Our Parkes radio telescope has been in operation for more than 50 years. Thanks to regular upgrades, it continues to be at the forefront of discovery.

Just outside the town of Parkes in the central-west region of New South Wales, about 380 kilometres  from Sydney, is our Parkes radio telescope. It's one of three instruments that make up the Australia Telescope National Facility.

Parkes radio telescope is an icon of Australian science, and one part of the Australia Telescope National Facility.

With a diameter of 64 metres, Parkes is one of the largest single-dish telescopes in the southern hemisphere dedicated to astronomy. It started operating in 1961, but only its basic structure has remained unchanged. The surface, control system, focus cabin, receivers, computers and cabling have all been upgraded – some parts many times – to keep the telescope at the cutting edge of radio astronomy. The telescope is now 10 000 times more sensitive than when it was commissioned.

Research with Parkes radio telescope

The Parkes radio telescope is an icon of Australian science. Its large dish surface makes the telescope very sensitive and it is ideally suited to finding pulsars, rapidly spinning neutron stars the size of a small city. Half of the more than 2000 known pulsars have been found using the Parkes telescope.

The introduction of a multibeam receiver, a revolutionary instrument designed and built by CSIRO, has enabled Parkes to be used for large-scale surveys of the sky. These surveys include the HI Parkes All-Sky Survey that found over 2500 new galaxies in our local region, and the Galactic All-Sky Survey that successfully mapped the hydrogen gas in our Galaxy in high detail.

Tracking spacecraft with Parkes radio telescope

While it is operated primarily for astronomy research, the Parkes telescope has a long history of being contracted by NASA and other international space agencies to track and receive data from spacecraft:

  • In 1962 it tracked the first interplanetary space mission, Mariner 2, as it flew by the planet Venus, and in 1969 it was a prime receiving station for the Apollo 11 mission to the Moon.
  • In 1970 it was called in to help during the Apollo 13 emergency when an explosion crippled the spacecraft while it was en route to the Moon, and its Apollo support continued until the end of the manned lunar missions in December 1972.
  • In the 1980s the Parkes telescope was used to receive signals from NASA's Voyager 2 spacecraft and the European Space Agency's Giotto spacecraft, and in the 1990s it supported NASA's Galileo mission to Jupiter.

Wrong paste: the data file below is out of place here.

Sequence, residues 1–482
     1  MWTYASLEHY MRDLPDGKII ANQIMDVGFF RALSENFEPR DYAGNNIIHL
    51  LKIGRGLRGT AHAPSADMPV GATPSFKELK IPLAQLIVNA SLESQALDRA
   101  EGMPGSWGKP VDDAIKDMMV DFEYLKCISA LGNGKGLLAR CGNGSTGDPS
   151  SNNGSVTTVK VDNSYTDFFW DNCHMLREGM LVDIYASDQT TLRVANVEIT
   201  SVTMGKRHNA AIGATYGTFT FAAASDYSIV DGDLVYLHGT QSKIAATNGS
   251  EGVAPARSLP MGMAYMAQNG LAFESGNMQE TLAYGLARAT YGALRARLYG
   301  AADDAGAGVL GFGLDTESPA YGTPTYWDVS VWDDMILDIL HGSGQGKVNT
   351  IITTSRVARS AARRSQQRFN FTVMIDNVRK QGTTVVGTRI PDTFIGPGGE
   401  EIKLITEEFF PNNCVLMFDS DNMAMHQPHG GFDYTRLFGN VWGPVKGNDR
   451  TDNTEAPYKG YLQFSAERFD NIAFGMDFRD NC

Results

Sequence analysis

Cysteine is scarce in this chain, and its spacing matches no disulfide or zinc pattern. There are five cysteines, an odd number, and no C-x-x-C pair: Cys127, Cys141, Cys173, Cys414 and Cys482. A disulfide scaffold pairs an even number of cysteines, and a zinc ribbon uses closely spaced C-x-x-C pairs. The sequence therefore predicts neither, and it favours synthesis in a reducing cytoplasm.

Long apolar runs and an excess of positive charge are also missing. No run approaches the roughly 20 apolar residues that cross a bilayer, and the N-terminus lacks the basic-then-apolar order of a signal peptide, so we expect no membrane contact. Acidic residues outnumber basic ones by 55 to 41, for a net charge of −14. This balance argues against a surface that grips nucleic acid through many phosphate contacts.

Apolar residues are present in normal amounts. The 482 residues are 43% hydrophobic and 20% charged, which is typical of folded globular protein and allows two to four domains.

• In the 2000s it tracked various spacecraft at Mars, and in 2005 Parkes was used in an experiment to directly receive signals from the European Space Agency's Huygens spaceprobe as it descended through the atmosphere of Saturn's largest moon, Titan.
  • Most recently, in 2012, Parkes played a support role in tracking NASA's Curiosity rover during its descent onto the Martian surface.

The fictional film 'The Dish' was based on the real role that the Parkes telescope played in receiving video footage of the first Moon walk by the crew of Apollo 11 in 1969.

Fast facts about Parkes radio telescope

  • The selection of the Parkes telescope site took several years and had to fulfill key technical requirements, such as a stable geology and low radio-frequency interference.
  • It took three years to design and two years to build the telescope; it was officially opened on 31 October 1961.
  • The moving part of the telescope, above the concrete tower, weighs 1000 tonnes – more than two Boeing 747 aircraft. This moving part is not fixed to the top of the tower but just sits on it.
  • The telescope only receives signals from space, but never sends them.
  • Because the large surface of the dish catches the wind like a sail, the telescope must be 'stowed' (pointed directly up) when the wind speed exceeds 35 kilometres an hour.
  • It can detect radio waves from seven millimetres to four metres long, and be pointed with an accuracy of better than 11 arcseconds – about the width of a finger seen 150 metres away.
  • The telescope operates twenty four hours per day, through rain and cloud.
  • About 85 per cent of all time each year is scheduled for observing. Less than five per cent of that time is lost because of high winds or equipment problems. Most of the rest of the time each year is used for maintenance and testing.

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